Yesterday

By

Leonard Zwelling

This is not a movie review.

I will not be outlining the full plot of this excellent film. I will not be talking about the performances or the actors or the director. I want to talk about two things.

First, what this film is really about is what the world would be without the Beatles. The answer is a lesser place. But second, what it is really about is what the world would be without art and the price artists pay for success and for bringing their art to us.

The basic concept of the film is that a world-wide power blackout occurs and leads to a bus accident that has the vehicle strike the bicycling Jack Mailk, a failed guitar player and song writer. The power comes back on 12 seconds after the blackout and Jack awakens in a hospital with two missing teeth. Rapidly he learns that the Beatles (and a few other things that we take for granted) do not exist in the world in which he gains consciousness. Yet he remembers the words and music and jump starts his career using the Beatles’ songs. That’s all I will say about the plot other than that there are lots of twists and turns and a big surprise ending that wraps up the film in a charming and satisfying way.

What this film does better than any since Help! is capture the essence of the Beatles’ appeal over all of these 55 years not by showing the Beatles at all, but by showing the feelings that the Beatles evoked throughout the world in a way that had never been seen before or since. In doing this with the Beatles’ music, it demonstrates the importance of art to the state of humanity and it does so without unnecessarily tugging at your heartstrings or over using the music itself. There’s just enough retooling of the Beatles’ songbook to remind you how great the songwriting was. How? The new versions of the old songs are fresh and nothing being recorded today can even compare with the music of John, Paul, George and Ringo. Even Ed Sheeran, who makes a funny guest appearance as himself, loses a songwriting contest to The Long and Winding Road. He dubs himself Salieri to the lead character’s Mozart and there can be no doubt that Lennon and McCartney were of the caliber of Mozart. George, too. Paul still is.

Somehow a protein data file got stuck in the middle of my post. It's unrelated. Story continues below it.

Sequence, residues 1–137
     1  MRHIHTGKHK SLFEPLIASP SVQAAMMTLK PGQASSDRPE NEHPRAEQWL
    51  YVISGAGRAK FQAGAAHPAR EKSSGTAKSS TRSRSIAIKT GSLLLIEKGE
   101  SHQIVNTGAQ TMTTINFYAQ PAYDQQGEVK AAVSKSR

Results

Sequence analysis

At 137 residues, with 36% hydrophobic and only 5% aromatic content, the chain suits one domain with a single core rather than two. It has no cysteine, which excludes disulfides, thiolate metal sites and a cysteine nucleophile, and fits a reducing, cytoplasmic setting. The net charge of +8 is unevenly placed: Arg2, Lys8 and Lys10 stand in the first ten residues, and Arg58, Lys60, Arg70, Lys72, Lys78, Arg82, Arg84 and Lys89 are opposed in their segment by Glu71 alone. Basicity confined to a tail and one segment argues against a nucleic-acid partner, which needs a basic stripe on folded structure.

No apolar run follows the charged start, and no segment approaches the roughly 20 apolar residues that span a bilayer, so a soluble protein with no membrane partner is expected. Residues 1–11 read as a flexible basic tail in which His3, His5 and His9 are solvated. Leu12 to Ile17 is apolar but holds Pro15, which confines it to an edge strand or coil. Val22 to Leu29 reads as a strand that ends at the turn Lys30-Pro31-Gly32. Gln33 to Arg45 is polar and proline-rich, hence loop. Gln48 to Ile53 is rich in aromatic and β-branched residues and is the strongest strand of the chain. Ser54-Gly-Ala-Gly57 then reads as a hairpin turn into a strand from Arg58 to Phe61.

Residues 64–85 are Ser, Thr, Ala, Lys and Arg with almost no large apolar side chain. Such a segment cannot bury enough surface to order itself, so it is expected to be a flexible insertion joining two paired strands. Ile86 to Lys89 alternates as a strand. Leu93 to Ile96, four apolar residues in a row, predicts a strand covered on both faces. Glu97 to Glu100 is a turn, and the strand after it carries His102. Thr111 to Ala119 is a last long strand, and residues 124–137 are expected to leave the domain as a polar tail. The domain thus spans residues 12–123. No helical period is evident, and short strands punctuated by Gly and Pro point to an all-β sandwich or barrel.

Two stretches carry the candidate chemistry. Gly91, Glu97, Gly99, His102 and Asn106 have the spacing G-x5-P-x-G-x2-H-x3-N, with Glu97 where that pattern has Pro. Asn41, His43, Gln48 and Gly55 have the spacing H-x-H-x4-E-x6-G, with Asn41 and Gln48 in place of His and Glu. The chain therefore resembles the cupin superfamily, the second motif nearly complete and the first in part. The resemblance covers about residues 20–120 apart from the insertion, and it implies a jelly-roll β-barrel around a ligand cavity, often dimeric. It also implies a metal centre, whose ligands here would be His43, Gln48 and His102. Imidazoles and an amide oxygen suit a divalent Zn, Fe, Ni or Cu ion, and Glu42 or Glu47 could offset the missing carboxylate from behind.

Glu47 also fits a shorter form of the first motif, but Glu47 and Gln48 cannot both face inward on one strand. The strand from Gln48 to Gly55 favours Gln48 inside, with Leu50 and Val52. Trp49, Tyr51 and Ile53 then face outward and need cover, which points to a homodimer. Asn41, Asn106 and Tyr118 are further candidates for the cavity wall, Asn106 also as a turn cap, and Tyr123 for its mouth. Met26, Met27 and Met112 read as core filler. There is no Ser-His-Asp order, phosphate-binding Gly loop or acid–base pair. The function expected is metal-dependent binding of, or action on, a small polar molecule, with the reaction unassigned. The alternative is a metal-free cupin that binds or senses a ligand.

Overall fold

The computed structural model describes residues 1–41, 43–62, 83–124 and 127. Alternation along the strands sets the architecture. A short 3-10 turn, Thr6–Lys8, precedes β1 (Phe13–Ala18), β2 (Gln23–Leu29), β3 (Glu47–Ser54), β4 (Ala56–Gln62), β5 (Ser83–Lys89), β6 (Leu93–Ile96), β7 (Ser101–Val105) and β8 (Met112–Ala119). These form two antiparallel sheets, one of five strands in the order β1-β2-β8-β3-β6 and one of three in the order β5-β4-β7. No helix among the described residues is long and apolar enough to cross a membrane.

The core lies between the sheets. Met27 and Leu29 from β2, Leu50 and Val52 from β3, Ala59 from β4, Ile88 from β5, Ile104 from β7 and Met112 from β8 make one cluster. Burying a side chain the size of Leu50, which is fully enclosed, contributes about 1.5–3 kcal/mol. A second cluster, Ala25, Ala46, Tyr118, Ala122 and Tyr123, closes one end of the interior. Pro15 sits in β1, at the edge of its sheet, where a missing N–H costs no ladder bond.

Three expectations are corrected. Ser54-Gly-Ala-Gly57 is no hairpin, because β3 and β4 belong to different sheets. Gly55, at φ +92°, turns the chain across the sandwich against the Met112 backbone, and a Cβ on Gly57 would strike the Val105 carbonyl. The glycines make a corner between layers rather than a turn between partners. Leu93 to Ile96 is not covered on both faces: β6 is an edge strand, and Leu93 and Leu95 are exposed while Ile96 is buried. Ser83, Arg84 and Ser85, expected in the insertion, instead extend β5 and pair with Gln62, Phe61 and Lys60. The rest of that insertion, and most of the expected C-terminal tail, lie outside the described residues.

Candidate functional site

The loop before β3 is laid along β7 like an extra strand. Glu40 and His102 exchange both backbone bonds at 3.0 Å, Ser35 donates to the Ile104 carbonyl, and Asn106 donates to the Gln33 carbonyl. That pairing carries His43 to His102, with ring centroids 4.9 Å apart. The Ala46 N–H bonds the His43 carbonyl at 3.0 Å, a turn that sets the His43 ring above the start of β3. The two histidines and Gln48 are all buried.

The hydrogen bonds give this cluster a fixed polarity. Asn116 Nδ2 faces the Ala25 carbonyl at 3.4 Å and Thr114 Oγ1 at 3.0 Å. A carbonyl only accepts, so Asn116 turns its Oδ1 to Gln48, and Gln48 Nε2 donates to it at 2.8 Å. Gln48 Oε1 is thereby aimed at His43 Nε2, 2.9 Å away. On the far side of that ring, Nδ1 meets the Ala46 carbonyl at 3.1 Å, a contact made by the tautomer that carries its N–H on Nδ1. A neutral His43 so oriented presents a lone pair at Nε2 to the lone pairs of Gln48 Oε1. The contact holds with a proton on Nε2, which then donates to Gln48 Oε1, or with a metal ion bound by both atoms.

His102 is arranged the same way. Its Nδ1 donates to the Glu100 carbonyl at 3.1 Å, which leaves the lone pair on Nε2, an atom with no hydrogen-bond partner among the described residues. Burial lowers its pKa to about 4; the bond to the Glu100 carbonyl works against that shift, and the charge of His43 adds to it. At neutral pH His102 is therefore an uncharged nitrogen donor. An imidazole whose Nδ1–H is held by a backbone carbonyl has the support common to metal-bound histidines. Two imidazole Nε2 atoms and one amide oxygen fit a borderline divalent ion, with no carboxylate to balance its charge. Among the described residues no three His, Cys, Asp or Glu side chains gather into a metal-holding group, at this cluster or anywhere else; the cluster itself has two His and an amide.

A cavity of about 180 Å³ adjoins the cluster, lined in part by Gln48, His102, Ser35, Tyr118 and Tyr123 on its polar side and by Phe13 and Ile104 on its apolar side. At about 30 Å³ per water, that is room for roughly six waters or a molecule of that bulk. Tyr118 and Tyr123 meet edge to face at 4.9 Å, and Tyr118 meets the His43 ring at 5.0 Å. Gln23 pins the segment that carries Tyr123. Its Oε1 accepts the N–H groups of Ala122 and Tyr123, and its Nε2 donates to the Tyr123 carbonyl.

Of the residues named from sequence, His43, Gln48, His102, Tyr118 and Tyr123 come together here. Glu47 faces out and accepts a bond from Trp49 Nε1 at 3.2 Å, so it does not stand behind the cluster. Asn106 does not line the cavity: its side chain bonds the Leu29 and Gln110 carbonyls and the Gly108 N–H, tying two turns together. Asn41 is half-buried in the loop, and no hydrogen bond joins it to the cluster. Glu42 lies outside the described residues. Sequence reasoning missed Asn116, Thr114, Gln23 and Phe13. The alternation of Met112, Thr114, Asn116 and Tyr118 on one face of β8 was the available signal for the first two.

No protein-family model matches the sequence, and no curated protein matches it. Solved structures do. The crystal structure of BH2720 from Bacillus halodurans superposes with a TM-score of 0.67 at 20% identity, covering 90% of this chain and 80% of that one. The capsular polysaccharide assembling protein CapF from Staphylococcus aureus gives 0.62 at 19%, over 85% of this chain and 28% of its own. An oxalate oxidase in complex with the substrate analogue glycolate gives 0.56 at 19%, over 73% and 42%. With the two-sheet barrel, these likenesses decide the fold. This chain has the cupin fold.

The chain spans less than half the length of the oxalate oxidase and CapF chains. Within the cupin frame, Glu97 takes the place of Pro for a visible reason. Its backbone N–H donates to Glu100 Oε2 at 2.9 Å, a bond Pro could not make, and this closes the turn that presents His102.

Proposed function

So the reasons to see this film are three. First, it is clever, well-written, well-directed and well-acted and is a good movie. Second, the music. It still excites after 50 plus years. Third, the message. We would be a lesser species without the artists among us and so many of the most successful of these artists still pay a great price for carrying their gifts to us.

Anyone who loves music, especially the Beatles’ music, must see the film. Not only is it a respectful paean to the greatest pop band that ever was, but it is a tribute to all artists, even those who are not successful, and that all art is an important expression of our humanity and we all should be grateful for the burden borne by those blessed with great talent. And even to those who aren’t but keep trying.

Leonard Zwelling